ROSNEFT HIT BY SANCTIONS
Sanctions have stopped Russia's state-controlled oil group Rosneft expanding its trading operations, the company revealed on Tuesday, preventing it from capitalising on one of the main revenue sources tapped by western rivals during the oil price rout.
Marcus Cooper, the Geneva-based head of Rosneft's trading arm, said western sanctions imposed on Russia after it intervened in Ukraine had slowed the company's plans to expand dealing overseas and starved it of capital needed to finance big trades.
"It's the intention of the company to expand [its trading] internationally but of course it's hard with sanctions as we can't raise debt beyond 30 days," Mr Cooper said at the Platts global crude oil summit in London.
Oil companies such as BP and Royal Dutch Shell have made billions of dollars available to their trading arms to finance so-called contango trades. In these transactions, traders seize on opportunities to store barrels of crude cheaply and lock in a profit by selling them forward in the futures market. They take advantage of how prices for delivery later are higher than in the spot market.
Mr Cooper said: "To have a successful trading organisation you need vast amounts of capital to finance arbitrage and contango [trades]. That has been restricted under sanctions, which add complexity to the execution of the strategy, even if the strategy is still in place."
Western banks have shied away from providing loans with a longer maturity than 30 days to Rosneft after the US and Europe imposed financial sanctions on Russia last year.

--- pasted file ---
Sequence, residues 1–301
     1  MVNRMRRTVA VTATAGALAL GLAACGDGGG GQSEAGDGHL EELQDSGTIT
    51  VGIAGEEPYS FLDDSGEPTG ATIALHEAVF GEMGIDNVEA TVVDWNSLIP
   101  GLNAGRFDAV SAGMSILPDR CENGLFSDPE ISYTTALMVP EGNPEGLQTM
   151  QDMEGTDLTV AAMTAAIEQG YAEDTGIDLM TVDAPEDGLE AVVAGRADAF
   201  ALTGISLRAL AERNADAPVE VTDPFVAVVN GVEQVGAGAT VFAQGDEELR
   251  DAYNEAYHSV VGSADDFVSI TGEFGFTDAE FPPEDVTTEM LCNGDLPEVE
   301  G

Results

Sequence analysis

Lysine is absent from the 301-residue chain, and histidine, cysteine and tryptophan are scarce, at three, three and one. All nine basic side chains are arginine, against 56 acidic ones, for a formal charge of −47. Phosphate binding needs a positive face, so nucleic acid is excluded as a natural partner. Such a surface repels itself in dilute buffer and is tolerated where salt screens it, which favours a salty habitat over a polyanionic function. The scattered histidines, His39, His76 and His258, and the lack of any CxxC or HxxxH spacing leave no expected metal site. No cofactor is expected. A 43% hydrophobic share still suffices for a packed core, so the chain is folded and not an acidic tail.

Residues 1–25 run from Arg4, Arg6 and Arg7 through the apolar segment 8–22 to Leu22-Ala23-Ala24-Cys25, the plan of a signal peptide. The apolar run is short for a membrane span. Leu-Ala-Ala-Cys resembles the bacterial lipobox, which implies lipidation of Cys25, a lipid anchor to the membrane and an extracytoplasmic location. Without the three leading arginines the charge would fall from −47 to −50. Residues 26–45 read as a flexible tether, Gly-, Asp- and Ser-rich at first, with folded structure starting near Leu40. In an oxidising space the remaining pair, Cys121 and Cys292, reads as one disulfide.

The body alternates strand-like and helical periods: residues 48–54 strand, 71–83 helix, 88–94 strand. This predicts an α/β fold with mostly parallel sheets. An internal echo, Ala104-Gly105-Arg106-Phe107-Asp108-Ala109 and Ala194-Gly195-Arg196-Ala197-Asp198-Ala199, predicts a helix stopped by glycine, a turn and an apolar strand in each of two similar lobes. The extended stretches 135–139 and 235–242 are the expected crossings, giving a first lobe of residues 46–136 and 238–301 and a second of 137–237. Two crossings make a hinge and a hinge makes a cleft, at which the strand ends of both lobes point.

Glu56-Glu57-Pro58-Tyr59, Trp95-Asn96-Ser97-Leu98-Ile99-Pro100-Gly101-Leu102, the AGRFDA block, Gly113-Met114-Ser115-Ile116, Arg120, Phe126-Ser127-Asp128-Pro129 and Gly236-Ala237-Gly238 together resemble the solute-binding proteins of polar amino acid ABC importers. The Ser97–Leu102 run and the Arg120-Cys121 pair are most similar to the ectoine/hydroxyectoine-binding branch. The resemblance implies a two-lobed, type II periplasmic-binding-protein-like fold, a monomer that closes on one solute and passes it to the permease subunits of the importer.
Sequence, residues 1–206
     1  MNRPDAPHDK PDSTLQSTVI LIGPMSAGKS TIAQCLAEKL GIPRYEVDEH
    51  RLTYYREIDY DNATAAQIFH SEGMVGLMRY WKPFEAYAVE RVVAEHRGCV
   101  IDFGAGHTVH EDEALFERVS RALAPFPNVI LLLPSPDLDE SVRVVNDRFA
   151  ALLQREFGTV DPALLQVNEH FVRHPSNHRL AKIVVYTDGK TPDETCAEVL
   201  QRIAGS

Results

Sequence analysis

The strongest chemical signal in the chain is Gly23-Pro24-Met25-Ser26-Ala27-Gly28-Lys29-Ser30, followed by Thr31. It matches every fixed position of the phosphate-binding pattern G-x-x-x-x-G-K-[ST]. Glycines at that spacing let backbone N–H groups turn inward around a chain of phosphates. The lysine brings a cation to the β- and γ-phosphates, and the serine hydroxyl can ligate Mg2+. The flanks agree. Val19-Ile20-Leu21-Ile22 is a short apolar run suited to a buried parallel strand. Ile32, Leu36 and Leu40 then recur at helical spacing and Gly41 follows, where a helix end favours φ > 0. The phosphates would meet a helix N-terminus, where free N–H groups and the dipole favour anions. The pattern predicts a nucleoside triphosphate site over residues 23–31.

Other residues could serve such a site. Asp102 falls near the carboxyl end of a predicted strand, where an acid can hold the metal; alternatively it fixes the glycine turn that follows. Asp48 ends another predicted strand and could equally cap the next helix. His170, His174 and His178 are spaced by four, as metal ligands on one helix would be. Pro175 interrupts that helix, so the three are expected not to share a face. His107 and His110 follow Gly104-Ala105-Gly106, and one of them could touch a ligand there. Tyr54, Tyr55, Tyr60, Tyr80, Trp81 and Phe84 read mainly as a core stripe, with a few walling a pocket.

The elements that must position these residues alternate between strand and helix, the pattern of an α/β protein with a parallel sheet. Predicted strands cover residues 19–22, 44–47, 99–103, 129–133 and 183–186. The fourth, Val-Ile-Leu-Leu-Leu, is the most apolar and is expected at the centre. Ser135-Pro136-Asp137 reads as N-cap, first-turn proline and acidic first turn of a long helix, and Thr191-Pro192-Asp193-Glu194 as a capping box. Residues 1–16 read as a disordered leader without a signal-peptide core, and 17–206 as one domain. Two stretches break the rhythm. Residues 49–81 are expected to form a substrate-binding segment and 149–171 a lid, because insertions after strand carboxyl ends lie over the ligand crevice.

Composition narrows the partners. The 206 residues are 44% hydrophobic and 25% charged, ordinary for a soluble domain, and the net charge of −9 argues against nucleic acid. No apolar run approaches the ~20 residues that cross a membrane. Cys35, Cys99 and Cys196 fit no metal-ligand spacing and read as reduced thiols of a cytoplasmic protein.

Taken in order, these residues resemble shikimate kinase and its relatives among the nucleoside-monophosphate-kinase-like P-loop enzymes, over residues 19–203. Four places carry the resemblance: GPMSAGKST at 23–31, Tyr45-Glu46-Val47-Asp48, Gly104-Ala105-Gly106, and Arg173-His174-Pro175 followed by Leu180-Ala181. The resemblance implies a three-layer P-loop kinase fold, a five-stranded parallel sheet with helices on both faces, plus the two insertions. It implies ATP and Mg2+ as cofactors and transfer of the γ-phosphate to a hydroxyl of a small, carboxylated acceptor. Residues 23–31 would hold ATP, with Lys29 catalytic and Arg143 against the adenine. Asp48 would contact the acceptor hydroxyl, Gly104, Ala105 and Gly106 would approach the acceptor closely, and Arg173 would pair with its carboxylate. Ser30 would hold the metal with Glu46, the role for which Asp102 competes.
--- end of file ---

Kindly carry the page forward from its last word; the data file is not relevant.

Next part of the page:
However, contango trades ideally require longer term financing because such transactions are most profitable when traders can sell on the oil several months later.
BP and Shell pointed to strong performances by their trading arms when reporting better than expected first-quarter results.
Glencore in March predicted a "blowout" year for its oil trading operations if favourable market conditions continued.
Rosneft, which pumps more than one in every 20 barrels consumed globally, agreed a deal in late 2013 to buy Morgan Stanley's oil merchant business, which would have given it experienced traders in the US and Europe.
But the deal fell apart because of sanctions and financing concerns. The Morgan Stanley oil business was sold this month to Castleton Commodities, a US company that aims to become a global energy trader.
Other state-backed oil companies have expanded their international trading operations, including China's Unipec, part of the Sinopec group, which has opened desks in London and Houston.
Mr Cooper said it was "very important" for Rosneft to boost its overseas trading presence.
Rosneft racked up large borrowings when it bought TNK-BP, a Russian oil company involving BP in 2013.
The Russian state-controlled company suffered a capital squeeze last year as loans came due for repayment. It has asked Moscow for more than Rbs1trn ($20bn) to help support investment projects, although the recovery in the oil price to about $65 a barrel has helped the company.
Mr Cooper said Moscow was trying to soften the blow of sanctions "from a very high level", including by increasing ties with China.
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